Nonprofits and social enterprises are uniquely positioned to be invaluable partners of government in developing programs, services, policies and funding support that are representative of community needs. With pre-existing connections to the communities they serve, nonprofits and social enterprises can effectively contribute to human-centered design approaches that lead to systems change.
The following are examples of how different levels of government have engaged the community to build a strategy around complex issues or opportunities. Pillar Nonprofit Network was invited to sit at the advisory tables for the development of these strategies. In community driven processes, Pillar acts as a voice for the affected populations ensuring their needs and solutions are heard.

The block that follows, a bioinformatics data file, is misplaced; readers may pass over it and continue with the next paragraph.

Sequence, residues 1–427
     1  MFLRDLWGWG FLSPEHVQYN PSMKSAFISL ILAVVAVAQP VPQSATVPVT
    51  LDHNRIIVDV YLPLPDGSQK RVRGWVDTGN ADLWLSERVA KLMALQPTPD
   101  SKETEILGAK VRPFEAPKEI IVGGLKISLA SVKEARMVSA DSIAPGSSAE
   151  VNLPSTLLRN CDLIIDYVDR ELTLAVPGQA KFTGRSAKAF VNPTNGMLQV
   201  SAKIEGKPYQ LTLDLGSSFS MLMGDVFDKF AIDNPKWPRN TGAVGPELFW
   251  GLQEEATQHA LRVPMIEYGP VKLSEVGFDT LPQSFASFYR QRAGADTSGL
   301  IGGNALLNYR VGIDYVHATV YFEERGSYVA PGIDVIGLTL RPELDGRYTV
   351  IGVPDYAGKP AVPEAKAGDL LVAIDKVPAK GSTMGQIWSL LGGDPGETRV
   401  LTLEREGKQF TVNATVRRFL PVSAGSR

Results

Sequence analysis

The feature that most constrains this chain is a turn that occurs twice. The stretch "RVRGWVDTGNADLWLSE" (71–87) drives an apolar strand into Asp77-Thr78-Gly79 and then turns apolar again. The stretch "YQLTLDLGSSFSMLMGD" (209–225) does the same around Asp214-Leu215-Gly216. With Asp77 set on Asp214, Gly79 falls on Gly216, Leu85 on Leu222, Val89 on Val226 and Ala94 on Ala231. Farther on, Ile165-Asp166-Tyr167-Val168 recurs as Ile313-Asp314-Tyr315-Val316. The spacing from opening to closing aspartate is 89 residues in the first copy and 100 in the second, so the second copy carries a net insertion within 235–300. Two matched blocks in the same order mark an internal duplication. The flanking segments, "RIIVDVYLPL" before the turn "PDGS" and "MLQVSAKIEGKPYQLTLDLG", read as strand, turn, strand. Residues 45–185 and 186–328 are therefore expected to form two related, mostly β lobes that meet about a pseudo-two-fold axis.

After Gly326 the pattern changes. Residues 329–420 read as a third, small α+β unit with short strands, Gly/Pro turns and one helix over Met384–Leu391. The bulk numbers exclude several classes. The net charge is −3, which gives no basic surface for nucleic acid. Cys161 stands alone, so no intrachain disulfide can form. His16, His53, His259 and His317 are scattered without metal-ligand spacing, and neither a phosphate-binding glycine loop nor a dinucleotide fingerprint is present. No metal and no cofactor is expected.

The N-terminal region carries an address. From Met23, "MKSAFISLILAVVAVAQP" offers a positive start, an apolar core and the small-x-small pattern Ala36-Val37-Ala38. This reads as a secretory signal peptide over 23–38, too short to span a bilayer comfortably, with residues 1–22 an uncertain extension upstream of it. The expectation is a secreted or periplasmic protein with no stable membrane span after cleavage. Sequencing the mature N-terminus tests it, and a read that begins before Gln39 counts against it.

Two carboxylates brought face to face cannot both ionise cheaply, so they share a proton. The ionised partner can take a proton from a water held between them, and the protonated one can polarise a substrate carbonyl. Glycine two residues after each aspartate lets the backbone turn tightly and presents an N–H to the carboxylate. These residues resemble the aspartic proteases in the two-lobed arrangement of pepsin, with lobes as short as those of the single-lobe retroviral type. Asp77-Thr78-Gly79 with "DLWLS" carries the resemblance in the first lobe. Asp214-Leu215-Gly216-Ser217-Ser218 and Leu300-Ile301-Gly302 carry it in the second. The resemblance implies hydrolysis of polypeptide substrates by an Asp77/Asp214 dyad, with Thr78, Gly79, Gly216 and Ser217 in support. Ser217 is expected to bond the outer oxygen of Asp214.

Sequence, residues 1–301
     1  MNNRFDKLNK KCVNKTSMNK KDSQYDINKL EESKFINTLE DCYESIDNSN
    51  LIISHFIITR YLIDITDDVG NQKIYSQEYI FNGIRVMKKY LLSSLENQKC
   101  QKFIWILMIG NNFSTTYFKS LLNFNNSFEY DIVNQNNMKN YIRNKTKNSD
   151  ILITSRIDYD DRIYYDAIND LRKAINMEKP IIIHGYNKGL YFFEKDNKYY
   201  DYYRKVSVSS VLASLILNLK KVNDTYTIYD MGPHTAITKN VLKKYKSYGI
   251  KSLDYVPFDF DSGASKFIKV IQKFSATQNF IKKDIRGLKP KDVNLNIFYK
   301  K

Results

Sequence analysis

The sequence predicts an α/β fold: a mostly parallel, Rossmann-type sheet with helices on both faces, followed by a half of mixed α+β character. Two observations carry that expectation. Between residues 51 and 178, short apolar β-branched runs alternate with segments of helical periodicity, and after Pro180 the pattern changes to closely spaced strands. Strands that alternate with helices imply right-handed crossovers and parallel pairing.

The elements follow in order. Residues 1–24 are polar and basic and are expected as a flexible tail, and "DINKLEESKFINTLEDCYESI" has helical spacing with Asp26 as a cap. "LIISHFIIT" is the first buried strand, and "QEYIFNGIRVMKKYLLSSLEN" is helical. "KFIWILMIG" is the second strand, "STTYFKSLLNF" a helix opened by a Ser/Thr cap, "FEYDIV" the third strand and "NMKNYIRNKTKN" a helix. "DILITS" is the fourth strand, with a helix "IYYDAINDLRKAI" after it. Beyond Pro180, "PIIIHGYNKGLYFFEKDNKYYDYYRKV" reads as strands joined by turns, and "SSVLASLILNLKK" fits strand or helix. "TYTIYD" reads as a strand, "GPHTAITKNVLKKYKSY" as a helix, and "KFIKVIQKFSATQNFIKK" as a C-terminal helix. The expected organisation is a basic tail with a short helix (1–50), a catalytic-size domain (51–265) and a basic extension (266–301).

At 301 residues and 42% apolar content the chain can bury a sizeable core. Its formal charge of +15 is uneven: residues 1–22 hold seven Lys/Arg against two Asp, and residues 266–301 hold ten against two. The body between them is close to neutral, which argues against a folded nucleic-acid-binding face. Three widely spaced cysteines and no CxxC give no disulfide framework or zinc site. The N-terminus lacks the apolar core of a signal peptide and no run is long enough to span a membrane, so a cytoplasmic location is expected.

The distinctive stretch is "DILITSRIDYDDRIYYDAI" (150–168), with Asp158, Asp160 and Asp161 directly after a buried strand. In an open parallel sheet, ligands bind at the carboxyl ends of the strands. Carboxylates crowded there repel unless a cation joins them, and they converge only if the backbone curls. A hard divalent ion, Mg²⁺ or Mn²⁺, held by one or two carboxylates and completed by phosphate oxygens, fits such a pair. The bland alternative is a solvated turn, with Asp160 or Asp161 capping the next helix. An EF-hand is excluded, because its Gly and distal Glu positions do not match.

Partnerships with Municipal Government
City of London Community Economic Road Map
In collaboration with the City of London, and representatives from the government, business, post-secondary and not-for-profit communities, Pillar had a seat at the table to help develop London’s Community Economic Road Map. The strategy reflects the community’s aspirations for our local economy and was developed through the principles of alignment, engagement and partnership. The roadmap identified five priorities to work towards to help build our local economy:
- A city for entrepreneurs;
- A supportive business environment;
- An exceptional downtown, a vibrant urban environment;
- A top quality workforce; and,
- A national Centre of Excellence for medical innovation and commercialization.
City of London Community Diversity and Inclusion Strategy